For SFL, a text can be defined as “a unit of language in use” (Halliday & Hasan, 1976, p. 1) and is distinguished from non-text by the two-fold concept of unity: unity of structure and unity of texture (Halliday & Hasan, 1985). This can also be termed as coherence and cohesion.
Cohesion is concerned with how the text ties together internally and is formed when one element of a text is dependent for its interpretation on another (Halliday & Hasan, 1976). Without it the surface features of a text may not relate to each other and it is thus central to the way in which text is produced and comprehended. According to Halliday & Hasan (1976), cohesion can be divided into grammatical and lexical cohesion.
Grammatical cohesion consists of:
- cohesion between messages, or the system of CONJUNCTION (e.g. but, so)
- cohesion in meaning, or REFERENCE (e.g. he, she, this)
- cohesion in wording, which consists of ELLIPSIS (e.g. Yes, I am [O]) and SUBSTITUTION (e.g. one, some, no)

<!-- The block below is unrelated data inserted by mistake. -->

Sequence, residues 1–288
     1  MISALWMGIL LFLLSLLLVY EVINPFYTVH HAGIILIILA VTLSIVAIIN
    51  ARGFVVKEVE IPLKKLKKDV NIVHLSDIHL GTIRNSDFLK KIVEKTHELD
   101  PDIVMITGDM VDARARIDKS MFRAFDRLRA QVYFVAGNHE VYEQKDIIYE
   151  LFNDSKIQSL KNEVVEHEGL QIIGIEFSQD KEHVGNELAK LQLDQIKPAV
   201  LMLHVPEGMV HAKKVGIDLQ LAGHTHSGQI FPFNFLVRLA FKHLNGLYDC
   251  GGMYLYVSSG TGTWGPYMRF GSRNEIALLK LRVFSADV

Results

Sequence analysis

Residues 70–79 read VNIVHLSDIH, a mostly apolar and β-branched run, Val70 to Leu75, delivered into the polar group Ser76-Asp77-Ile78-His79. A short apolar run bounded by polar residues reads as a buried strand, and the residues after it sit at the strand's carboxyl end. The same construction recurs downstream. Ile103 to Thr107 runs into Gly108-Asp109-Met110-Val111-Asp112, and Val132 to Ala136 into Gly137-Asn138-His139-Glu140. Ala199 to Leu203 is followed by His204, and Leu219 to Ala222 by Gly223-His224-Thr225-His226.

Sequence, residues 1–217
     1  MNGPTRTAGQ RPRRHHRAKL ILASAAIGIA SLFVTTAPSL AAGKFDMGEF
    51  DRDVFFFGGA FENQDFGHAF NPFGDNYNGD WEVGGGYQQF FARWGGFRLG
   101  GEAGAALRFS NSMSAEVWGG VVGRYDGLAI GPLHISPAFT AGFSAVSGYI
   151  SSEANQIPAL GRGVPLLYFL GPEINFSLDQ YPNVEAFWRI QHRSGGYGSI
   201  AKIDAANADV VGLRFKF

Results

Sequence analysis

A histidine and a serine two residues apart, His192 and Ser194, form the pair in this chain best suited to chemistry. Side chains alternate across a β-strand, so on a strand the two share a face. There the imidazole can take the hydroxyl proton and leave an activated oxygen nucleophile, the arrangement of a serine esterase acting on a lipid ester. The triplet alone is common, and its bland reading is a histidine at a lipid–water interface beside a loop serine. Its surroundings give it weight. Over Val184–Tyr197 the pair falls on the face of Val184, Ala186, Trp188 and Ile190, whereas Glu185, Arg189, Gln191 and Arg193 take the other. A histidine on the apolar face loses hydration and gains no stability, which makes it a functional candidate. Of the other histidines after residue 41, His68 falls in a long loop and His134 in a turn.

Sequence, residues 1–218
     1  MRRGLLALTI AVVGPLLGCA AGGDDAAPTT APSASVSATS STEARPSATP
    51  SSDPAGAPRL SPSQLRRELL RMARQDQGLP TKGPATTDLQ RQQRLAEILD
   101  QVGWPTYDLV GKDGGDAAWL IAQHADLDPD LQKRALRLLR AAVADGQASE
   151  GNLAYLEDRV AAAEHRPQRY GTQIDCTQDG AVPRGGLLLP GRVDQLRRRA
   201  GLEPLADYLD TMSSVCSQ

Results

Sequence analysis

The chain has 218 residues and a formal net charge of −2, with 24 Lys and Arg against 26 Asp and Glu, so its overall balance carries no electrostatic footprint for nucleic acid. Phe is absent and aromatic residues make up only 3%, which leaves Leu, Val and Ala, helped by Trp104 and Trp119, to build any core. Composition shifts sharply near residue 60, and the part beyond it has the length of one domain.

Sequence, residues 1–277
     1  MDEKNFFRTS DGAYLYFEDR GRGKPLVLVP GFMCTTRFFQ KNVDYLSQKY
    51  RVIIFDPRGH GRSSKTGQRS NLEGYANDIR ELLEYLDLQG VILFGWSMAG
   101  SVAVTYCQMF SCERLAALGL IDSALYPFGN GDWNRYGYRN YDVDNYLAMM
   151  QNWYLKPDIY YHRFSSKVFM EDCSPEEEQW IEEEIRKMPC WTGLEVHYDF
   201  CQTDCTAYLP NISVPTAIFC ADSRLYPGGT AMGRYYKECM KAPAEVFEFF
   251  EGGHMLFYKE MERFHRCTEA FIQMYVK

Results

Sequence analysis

Lexical cohesion also consists of three parts:
- elaborating which may also be divided into:
- identity, which consists of REPETITION (e.g. bear – bear) and SYNONYMY (e.g. sound – noise)
- attribution, or HYPONOMY (e.g. tree – oak)
- extending, or MERONYMY (e.g. tree – trunk)
- enhancing, or COLLOCATION (e.g. smoke – fire)
Here are some examples with the cohesion underlined.
John walked to town, because he wanted some fried chicken.
John lives near the park. He often goes there.
Types of reference
- Exophoric – refers to outside the text
John borrowed some money from me.
2. Endophoric – refers to within the text
a. Anaphoric – refers back to previous text
I saw John. I asked him for the money.
b. Cataphoric – refers forward to text
This will surprise you. He paid me back!
Most of the students had an ice-cream but Eva didn’t
have an ice-cream.
John loves fried chicken. He has some every day.
John ran to the shop and then he ran home.
Synonymy / Hyponomy / Meronymy
Eva walked to town and strolled around the park.
She looked up at the autumn trees. The oaks had a beautiful colour.
She climbed up a tree and sat on the branch.
It was hot. John was sweating.
Here is an example of cohesion in a sports text:
Halliday, M., & Hasan, R. (1976). Cohesion in English: Longman.
Halliday, M., & Hasan, R. (1985). Language, context, and text: Aspects of language in a social-semiotic perspective: Deakin University Press.